Plants

Hibiscus

How to water the hibiscus plant

Although there are hundreds of varieties of hibiscus, the cultivation methods are quite similar and its irrigation requires small and simple precautions. The hibiscus is native to the Asian tropical areas, environments with a high humidity rate; for this reason, we recommend daily irrigation, especially in summer, to ensure constant soil or substrate humidity. Obviously it is important not to over-water to avoid stagnation of water and possible damage to the roots. It is advisable to vaporize the hibiscus vegetation frequently and, in the case of potted plants, to insert a fair amount of gravel in the saucer so that the evaporation of the impregnated water can recreate a humid microclimate beneficial for the plant.

How to properly grow hibiscus


Hibiscus is a very adaptable plant, lending itself to both outdoor and indoor cultivation. It prefers mild and sunny climates; in winter, if the plant is in a pot and placed on the terrace, it should be moved indoors to avoid exposure to temperatures below 15 degrees. In summer, however, when it is moved outdoors again, it should be slowly readjusted to intense solar lighting, taking care at the beginning to repair it in shady areas. The hibiscus must be repotted annually to satisfy the growth of the plant and, starting from 3-4 years of age, it requires regular pruning at the beginning of the spring season, before the vegetative restart, in order to remove dry or damaged branches. There are annual and perennial plants with variable flowering frequency,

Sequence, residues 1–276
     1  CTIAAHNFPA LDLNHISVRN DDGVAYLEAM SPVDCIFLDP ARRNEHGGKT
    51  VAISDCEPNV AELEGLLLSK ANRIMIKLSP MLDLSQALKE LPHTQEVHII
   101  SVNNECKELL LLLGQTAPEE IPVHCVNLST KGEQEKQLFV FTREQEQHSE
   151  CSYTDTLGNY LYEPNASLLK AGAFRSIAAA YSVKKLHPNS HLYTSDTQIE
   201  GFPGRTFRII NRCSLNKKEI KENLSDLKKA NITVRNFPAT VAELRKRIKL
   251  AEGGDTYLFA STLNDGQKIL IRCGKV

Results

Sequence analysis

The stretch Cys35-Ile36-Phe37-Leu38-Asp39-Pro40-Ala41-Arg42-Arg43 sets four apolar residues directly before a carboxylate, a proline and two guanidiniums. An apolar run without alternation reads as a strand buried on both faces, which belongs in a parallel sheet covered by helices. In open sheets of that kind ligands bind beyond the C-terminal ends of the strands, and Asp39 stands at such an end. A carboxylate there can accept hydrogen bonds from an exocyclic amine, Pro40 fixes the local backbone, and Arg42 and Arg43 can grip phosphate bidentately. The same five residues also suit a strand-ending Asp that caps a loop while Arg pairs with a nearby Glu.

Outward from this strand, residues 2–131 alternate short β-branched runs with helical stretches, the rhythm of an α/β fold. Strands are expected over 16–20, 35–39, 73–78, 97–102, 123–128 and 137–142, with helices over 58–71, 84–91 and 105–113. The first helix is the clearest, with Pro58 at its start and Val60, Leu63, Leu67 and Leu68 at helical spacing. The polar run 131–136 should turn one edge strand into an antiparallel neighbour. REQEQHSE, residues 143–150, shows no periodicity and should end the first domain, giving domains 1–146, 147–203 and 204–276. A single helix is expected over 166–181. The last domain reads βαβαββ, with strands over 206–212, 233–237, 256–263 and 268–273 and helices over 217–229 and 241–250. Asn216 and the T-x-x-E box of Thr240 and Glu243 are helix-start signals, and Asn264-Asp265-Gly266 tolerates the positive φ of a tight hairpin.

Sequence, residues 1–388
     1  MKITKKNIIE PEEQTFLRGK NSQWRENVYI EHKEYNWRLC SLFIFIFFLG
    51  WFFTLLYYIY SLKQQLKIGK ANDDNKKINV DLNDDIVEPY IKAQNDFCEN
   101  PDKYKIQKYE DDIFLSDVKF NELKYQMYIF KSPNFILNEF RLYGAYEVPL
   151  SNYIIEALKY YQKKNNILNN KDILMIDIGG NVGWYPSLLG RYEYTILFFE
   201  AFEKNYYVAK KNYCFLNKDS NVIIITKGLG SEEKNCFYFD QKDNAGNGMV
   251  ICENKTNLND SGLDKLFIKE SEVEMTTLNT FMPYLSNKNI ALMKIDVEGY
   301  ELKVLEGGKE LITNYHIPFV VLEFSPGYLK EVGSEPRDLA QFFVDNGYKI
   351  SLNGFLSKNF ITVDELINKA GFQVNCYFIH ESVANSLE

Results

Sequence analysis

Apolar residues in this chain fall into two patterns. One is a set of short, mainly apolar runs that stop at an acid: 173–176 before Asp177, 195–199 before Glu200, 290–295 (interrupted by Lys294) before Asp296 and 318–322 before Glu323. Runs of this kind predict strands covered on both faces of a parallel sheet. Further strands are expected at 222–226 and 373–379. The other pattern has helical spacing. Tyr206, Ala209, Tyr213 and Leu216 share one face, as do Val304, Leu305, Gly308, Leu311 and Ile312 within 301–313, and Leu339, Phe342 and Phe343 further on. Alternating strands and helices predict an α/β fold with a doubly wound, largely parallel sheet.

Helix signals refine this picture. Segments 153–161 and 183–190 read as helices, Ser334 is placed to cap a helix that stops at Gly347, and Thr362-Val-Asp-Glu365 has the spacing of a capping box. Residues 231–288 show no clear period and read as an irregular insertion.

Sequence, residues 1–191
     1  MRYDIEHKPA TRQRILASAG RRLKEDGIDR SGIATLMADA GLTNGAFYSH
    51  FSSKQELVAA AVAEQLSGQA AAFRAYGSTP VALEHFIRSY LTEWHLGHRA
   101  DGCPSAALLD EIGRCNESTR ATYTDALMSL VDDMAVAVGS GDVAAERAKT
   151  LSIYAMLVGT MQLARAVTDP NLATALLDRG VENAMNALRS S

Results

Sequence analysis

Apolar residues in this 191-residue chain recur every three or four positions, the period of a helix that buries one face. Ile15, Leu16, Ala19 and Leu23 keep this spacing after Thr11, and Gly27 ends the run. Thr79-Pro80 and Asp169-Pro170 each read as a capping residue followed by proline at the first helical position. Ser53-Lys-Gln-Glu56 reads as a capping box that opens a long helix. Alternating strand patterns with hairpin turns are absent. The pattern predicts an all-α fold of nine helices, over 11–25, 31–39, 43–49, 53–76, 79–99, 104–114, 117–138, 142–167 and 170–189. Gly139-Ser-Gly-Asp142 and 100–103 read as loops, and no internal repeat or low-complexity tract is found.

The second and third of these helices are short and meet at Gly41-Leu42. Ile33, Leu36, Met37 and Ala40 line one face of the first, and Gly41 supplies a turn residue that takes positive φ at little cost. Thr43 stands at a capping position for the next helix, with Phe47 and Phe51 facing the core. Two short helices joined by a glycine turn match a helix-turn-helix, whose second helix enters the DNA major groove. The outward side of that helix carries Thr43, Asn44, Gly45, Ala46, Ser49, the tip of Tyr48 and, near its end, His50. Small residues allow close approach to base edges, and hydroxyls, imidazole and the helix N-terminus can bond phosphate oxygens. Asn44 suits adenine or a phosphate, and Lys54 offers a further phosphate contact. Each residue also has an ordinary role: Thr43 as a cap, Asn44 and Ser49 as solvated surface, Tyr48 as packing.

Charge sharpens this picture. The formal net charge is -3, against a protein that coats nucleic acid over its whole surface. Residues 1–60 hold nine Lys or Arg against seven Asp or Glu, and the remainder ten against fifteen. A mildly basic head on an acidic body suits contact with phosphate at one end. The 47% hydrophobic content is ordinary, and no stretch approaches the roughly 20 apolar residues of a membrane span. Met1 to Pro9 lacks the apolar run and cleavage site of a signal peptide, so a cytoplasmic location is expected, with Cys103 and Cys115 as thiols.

How to fertilize the hibiscus plant


The fertilization of the hibiscus must be done very carefully because the plant is particularly sensitive to the concentrations of nutrients in the soil. The fertilization of the hibiscus must be practiced in the period between the vegetative restart and the end of flowering, therefore during the spring and summer season. It is necessary to use fertilizers containing multiple microelements such as iron and manganese, as well as macroelements such as potassium, phosphorus and nitrogenous substances. The latter must be administered in such proportions as to contain a smaller amount of phosphorus, the excess of which can cause phytosanitary problems, but in any case to a sufficient extent to guarantee the flowering of the plant. Fertilizers are dissolved in water with which to water the soil of the hibiscus,

Hibiscus: Diseases of the hibiscus and possible remedies


Wrong cultivation practices are often the leading cause of hibiscus disease. Excessive watering, abuse of fertilizers, too cold temperatures or incorrect solar exposures can quickly lead the plant to decline. Yellowed and weak foliage, closed buds and flowers that wither in a short time are avoidable inconveniences if you know well the needs of the hibiscus, in itself very resistant to climatic variations. The plant can also be the target of mites and insect pests that steal nourishment and slowly lead the specimen to be consumed. In these cases it is advisable to try to remove the parasites with the use of cotton wool and alcohol, cut the dead or yellowed leaves and only in case of unsatisfactory results buy specific pesticides.

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